Posted on February 18, 2020
At Shadow Ventures, many of our Limited Partners (LPs) are investors in other venture funds that compete with us. The feedback on our competition is that they don’t provide much strategic value in helping their LPs screen and deploy new technologies within their companies. But there are two problems with the expectation that they should. First of all, screening a startup is indeed part of the VC’s job; however, their screening is for investment purposes rather than customers’ purposes. Secondly, a typical venture firm does not have a team of people with operational experience to deploy any technology (much less a startup’s technology).
Quite frankly, an LP should not expect their VC to help them deploy technology within their firm. To become truly innovative in their field, they should build that ability as a core competency. I joke that it is the difference between the desserts that a restaurant buys from a vendor versus those made by their in-house pastry chef. The executive chef (CEO) needs to be great regardless, but a great pastry chef (Innovation Executive) can create a differentiated experience.
In my 2011 book BIM for Building Owners and Developers, I gave a pretty detailed outline on how to deploy BIM (Building Information Modeling) within a company. Nine years later, most of the principles still apply. And the burning desire for innovation in the built environment was never like it is today.
Here’s how you can lead innovation in your company by deploying a successful pilot:
The Project Charter: What is success?
The definition of success is very important. Develop a written project charter for the pilot. Define the project scope, the stakeholders involved, and what is expected from them. Catalog the stakeholders’ individual definitions of success. This discovery phase is important to create a deep understanding of the organization’s needs, a boundary of scope, and social buy-in from the stakeholders. I like to develop this document with my stakeholders, add their names to the document, and then get the CEO’s signature on the document. Think of this as creating your SoW (statement of work).
It’s important to create a communication cadence for each stakeholder and stick to it. At times, I will editorialize a bit to make sure that I know everyone is reading it. Once your organization has agreed to the project charter, then share this with the startup. Of course, they will say “yes.” You are a paying client (if you are unwilling to pay for a pilot, then your project charter is terrible), so the startup is excited to start. Push the startup to make sure they understand your expectations of success. They are a partner and not a vendor.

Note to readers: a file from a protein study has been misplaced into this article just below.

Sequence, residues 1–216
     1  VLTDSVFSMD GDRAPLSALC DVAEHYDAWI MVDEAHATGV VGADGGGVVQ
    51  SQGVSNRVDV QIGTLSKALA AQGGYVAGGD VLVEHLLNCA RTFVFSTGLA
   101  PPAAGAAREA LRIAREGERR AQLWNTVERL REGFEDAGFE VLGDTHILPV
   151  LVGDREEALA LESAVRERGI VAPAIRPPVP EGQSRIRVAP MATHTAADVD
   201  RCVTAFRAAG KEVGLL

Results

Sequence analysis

The Execution Plan: What resources are required?
Since you have a solid project charter, it is now time to develop a detailed execution plan. The execution plan should include costs for internal/external human resources, equipment, software, and outside consultants. It should also include the timing of when those resources will be required. In some organizations (like architecture, engineering, and construction firms) the finance department can share hourly rates for your internal team. In real estate organizations, this can be a little tricky. I generally use $500 per hour for the C-suite, $250 per hour for director level and up, and $125 per hour for anyone below a director. Create plenty of budget for events/meetings as part of your communication cadence.
For your internal teams, remember that they have a full-time job. Keeping their motivation high is sometimes an emotional game. I once had an innovation leader for a major grocery store chain bring homemade baked goods to her meetings. Attendance at her meetings was always very high. I suggest creating your execution plan in Excel or a PM tool. This is also a document that you should share with your startup. Make sure there is agreement on all the resources that are required to be successful on either side. I would be surprised if the resourcing from the startup doesn’t increase at this point. Startups generally underestimate the resourcing required to work with a much larger entity. This execution plan becomes the basis of a contract with the startup.
Be sure to include a payment schedule and project check-in points. These check-in points are opportunities to modify the project charter and execution plan. These can also serve as project termination points in the contract if the project is not going well. While the startup is always challenged in their part for execution risk, I have more often seen the larger company struggle. Between internal organizational shifts, re-org/re-assignments, or budget changes due to a bad quarter, the large company is typically the highest driver of change on a pilot project. Once you total up the budget, add 25%. Why? You will need it. Trust me. This execution plan should get formally approved by leadership.
The Execution: Managing the execution plan.
Communication, communication, communication. The reality is that the plan was wrong the day after leadership approved it. Managing the execution plan is like driving down an icy road. You are trying to move fast enough while avoiding swerving into head-on traffic or ending up in the ditch. Throw the word “precision” out the door.
Why does this work? I have led hundreds of pilot projects on either side. This is not a detailed view, but it’s a great framework. If you need help? Ask.